Slowing down

26 May, 2014

It’s a simple Newtonian law that explains why the faster you’re travelling before a crash, the slower your life becomes after it. When I was cut up on my bike by an SUV two weeks ago I hit the side of the car with just the right momentum to fracture and displace my collarbone by an inch. And, true to our physicist friend’s theory, my pace of life has been considerably slower since then. I have to do most things with my left (non-dominant) hand, being physically unable to lift my right arm from the shoulder and keeping it strapped to my body most of the time. I can’t walk at my usual clip because the bone bulging out of my shoulder tears at the skin if I do. I can’t ride my bike, I can’t take the subway and I can’t cook.

This has given me some fresh perspectives. The most prevalent perspective is a burning hatred of SUV drivers, but after channelling my inner Pollyanna and looking for the positives, I can also see how a slower pace of life has its benefits. Perhaps it’s ironic that only after leaving an imprint of myself in the side of a car do I see the importance of slowing down in life, but it is a valuable revelation nonetheless: in slowing down, life can be enjoyed more thoroughly. The pressure of being 25 years old in New York City and having to do every imaginable activity right this instant disappears, and with it disappears the tunnel vision that obscures what is available to be enjoyed simply by looking around and enjoying the moment.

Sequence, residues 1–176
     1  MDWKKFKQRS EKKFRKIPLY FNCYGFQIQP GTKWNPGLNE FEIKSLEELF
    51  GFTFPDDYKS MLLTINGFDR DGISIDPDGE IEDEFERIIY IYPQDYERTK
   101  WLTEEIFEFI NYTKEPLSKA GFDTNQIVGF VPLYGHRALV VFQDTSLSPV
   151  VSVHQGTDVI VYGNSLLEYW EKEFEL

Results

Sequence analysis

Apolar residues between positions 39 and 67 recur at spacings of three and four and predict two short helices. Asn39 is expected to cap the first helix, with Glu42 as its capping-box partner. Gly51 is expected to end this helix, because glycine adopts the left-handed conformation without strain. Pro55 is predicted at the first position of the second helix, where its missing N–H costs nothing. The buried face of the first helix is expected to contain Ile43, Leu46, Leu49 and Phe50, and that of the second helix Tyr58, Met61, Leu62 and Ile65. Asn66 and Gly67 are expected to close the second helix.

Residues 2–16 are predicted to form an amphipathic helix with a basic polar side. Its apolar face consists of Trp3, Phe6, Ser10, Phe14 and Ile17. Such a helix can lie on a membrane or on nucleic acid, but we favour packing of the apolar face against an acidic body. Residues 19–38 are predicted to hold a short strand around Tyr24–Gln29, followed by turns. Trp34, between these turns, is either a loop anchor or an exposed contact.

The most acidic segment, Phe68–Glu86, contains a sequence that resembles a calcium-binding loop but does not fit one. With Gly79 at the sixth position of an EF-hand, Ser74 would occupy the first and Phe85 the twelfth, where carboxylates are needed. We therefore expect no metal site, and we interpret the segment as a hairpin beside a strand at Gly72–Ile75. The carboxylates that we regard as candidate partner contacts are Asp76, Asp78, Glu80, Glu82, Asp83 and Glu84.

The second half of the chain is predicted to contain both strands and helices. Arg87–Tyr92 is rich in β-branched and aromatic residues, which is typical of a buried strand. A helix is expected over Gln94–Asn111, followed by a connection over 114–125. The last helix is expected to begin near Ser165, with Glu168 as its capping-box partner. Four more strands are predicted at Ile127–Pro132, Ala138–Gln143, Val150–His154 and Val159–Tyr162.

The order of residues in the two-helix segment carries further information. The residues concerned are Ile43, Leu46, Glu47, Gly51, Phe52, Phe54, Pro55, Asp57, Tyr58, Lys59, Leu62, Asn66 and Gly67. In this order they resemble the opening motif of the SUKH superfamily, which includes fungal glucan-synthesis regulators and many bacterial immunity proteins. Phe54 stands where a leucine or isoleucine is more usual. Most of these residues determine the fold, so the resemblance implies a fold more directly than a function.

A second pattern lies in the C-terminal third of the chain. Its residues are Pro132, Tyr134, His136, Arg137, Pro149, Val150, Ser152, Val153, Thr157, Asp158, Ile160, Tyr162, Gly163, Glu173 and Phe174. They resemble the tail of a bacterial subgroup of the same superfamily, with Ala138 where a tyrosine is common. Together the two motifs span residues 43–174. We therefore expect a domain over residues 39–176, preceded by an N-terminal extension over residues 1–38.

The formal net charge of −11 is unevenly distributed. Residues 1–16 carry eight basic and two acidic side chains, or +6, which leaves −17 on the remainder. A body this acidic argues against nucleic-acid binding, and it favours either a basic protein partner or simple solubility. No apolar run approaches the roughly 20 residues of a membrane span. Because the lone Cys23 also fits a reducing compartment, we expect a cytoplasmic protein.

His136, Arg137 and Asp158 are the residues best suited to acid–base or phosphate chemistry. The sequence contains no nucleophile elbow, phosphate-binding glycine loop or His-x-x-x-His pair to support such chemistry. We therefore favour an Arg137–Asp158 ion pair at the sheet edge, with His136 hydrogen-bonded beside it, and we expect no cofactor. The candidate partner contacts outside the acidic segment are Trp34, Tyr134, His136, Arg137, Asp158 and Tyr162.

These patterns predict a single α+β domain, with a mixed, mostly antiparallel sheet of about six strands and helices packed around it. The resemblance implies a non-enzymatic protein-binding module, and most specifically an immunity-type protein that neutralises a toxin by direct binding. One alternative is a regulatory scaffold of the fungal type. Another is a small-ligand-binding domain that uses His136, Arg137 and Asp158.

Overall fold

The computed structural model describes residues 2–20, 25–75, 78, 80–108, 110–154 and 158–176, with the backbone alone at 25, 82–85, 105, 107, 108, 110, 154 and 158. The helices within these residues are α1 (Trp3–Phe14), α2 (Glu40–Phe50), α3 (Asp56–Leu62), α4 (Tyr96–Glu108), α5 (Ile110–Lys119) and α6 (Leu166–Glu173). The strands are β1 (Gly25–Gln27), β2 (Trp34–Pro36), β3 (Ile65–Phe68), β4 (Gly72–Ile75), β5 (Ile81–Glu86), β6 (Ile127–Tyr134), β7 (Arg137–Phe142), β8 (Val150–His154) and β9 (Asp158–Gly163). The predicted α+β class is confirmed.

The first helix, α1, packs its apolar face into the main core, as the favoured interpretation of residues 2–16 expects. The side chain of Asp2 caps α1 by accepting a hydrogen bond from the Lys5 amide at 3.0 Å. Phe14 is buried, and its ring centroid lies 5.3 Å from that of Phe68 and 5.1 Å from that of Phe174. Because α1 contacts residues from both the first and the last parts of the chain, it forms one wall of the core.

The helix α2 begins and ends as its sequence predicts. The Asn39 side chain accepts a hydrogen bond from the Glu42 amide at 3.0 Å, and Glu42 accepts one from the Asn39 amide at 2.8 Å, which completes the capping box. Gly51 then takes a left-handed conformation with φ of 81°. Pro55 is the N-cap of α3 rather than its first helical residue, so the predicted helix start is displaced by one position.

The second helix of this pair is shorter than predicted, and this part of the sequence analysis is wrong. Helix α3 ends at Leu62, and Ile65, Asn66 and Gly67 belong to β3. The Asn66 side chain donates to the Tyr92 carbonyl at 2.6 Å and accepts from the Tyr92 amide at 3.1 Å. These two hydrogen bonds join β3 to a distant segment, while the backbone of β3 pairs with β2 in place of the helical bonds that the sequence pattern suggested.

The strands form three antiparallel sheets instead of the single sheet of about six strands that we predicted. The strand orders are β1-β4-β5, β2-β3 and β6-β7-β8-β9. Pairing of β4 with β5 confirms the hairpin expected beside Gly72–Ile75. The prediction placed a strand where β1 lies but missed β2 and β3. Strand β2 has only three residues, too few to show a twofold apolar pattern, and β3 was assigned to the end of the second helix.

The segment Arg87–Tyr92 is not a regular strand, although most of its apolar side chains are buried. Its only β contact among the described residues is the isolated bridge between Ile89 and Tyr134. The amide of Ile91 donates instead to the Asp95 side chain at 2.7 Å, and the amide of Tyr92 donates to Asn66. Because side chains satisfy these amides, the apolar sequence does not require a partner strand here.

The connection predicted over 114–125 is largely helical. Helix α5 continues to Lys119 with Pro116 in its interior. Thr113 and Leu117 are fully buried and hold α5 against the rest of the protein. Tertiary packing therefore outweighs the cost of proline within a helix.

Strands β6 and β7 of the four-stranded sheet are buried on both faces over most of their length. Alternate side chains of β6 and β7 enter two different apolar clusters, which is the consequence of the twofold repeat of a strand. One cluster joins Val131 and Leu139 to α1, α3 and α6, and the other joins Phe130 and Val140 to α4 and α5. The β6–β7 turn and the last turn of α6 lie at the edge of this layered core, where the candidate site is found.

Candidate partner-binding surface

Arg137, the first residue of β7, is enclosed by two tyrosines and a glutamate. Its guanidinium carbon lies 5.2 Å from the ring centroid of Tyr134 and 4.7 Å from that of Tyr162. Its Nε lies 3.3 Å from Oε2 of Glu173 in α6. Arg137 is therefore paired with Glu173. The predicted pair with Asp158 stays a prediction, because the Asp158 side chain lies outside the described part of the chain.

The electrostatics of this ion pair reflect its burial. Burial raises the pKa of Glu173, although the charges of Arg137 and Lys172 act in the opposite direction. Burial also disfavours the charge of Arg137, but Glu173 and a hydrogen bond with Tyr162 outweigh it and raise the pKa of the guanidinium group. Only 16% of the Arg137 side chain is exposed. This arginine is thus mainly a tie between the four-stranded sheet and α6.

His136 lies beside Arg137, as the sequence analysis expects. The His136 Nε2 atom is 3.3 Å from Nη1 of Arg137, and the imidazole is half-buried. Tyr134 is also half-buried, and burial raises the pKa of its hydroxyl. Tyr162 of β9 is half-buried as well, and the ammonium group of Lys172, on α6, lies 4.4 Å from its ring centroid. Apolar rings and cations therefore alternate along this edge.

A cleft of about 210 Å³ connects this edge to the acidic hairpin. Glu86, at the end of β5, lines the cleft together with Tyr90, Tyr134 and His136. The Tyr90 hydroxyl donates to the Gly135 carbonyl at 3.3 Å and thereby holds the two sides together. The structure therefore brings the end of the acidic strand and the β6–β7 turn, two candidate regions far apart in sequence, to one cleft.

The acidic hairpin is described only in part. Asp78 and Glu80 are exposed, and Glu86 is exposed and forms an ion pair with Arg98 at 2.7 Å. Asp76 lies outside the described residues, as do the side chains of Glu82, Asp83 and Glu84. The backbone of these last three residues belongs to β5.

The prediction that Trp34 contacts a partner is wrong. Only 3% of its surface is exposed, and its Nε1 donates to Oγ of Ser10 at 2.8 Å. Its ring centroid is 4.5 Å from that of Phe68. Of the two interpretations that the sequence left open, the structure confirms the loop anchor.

Taking life slowly gives me more time to think about what I’m doing. The ‘next thing’, be it another social event or task in a project is placed just far enough out of reach that it gives the present moment more time and space to receive the attention it deserves.

Even writing this, I’m typing so slowly that I have plenty of time to form a complete sentence in my head long before I reach for the full stop key. The same has gone for coding. Normally my monitor is a frenzy of windows fighting for the foreground and code and commands spilling into my text editor before my brain has had a chance to think about what I’m even trying to achieve. Slowing down gives me that bit of extra time to think and do the job properly.

Of course having a broken bone comes with many frustrations, but it also comes with the perfect excuse to simplify. Perhaps there’s something wrong with me that I need do major bodily harm to myself in order to enjoy life’s simple pleasures, but I don’t think I’m the only one. We’re very good at filling our lives with so much stuff that we’re forced to operate at breakneck speed just to keep up. Much of the time we do this simply because the opposite is scary. We fear the void of an empty calendar and having no company but ourselves. The reality is that life has just as much to offer when you’re out for a stroll as it does when you’re sprinting.